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Trump tax reform is likely to have an impact on multinational companies and lower corporate income tax rates could encourage funds to be repatriated.

What's in This Issue - Spring 2017

Welcome to our inaugural newsletter for tax professionals and business leaders. EisnerAmper’s Business Tax Quarterly offers news and views on various topics throughout the year.  And, in a year that promises to bring tax reform to the forefront of business, watch for our Tax Alerts that cover “breaking news.”

What’s in This Issue?

Federal income tax reform has been widely discussed since long before Republicans gained control of the White House and both houses of Congress in January 2017. A variety of potential approaches have been floated, but every proposal has contemplated lowering tax rates. On April 26, 2017, the Trump Administration released a reform outline that would, among other provisions, lower the corporate income tax rate from 35% to 15%, making U.S. rates more comparable to Canada (which has a 15% federal and 11-16% provincial rate) or the United Kingdom (19%).

Regardless of which form that tax reform eventually takes, virtually all experts agree some sort of reform will be enacted in 2017 or 2018, so all businesses should be prepared to respond to new tax legislation. Michael Hadjiloucas, partner-in-charge of the Corporate Tax Group at EisnerAmper LLP, offers several helpful tips and suggestions for businesses as they monitor the progress of tax reform.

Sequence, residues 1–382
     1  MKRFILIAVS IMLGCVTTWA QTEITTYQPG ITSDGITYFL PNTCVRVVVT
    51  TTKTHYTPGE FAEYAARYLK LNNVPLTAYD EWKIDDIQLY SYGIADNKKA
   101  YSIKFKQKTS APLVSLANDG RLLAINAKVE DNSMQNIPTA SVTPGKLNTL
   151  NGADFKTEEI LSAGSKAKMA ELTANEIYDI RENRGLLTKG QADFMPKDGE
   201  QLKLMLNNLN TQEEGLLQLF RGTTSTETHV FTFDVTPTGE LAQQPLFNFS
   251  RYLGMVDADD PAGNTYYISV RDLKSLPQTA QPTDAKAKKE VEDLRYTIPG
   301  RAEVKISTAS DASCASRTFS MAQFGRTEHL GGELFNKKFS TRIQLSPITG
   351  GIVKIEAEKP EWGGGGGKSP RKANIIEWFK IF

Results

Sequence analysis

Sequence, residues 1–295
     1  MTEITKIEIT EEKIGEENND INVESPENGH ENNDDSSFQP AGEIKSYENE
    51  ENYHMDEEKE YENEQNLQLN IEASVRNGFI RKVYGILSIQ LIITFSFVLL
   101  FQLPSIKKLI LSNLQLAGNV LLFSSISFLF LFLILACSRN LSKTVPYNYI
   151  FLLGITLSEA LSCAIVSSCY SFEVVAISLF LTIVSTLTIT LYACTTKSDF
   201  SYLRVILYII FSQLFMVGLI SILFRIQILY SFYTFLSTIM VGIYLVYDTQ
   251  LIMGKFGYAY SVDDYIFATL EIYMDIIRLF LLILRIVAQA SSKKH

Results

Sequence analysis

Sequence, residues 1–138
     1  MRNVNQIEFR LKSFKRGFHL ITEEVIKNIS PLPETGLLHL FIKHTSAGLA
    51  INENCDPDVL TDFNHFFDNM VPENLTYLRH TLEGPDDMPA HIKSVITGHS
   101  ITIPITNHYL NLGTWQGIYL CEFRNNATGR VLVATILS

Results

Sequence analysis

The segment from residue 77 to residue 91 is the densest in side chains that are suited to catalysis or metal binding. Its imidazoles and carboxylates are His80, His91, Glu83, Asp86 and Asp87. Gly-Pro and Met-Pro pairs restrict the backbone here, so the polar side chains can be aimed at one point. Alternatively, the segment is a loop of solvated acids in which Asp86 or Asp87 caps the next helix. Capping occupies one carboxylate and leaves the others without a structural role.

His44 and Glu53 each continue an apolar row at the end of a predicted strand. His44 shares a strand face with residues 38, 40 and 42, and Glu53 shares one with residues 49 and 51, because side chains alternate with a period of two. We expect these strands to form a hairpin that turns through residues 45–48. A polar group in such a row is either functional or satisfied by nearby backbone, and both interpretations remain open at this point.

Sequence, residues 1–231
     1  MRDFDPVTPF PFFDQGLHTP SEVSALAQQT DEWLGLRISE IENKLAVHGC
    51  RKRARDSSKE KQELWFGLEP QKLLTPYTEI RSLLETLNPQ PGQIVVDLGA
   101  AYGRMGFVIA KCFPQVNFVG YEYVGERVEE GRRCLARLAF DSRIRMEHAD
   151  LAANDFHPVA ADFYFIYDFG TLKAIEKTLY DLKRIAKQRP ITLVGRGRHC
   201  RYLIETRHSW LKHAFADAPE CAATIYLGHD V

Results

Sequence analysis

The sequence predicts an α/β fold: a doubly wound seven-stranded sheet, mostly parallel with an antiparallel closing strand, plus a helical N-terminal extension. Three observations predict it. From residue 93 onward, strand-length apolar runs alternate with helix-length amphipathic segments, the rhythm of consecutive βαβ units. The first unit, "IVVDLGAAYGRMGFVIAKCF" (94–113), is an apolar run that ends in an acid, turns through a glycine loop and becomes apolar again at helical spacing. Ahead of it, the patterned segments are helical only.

Along with the obvious tax planning tactic of maximizing overall company deductions in 2017 and deferring income into 2018 (changing accounting method if needed), EisnerAmper recommends that businesses prepare models that map out the consequences of any possible changes, keeping a close eye on how they affect a company’s current and future tax position.

The Trump tax reform plan is likely to have a significant impact on multinational companies as well. For example, lower corporate income tax rates would reduce incentives for such companies to shift profits overseas, and an element of the plan that would impose a one-time tax on funds repatriated to the U.S. is designed to encourage multinationals to return those dollars for investment in the U.S. economy.

Finally, we advise you to consult with your tax professionals for assistance in analyzing the potential impact of tax reform.


 Business Tax Quarterly – Spring 2017

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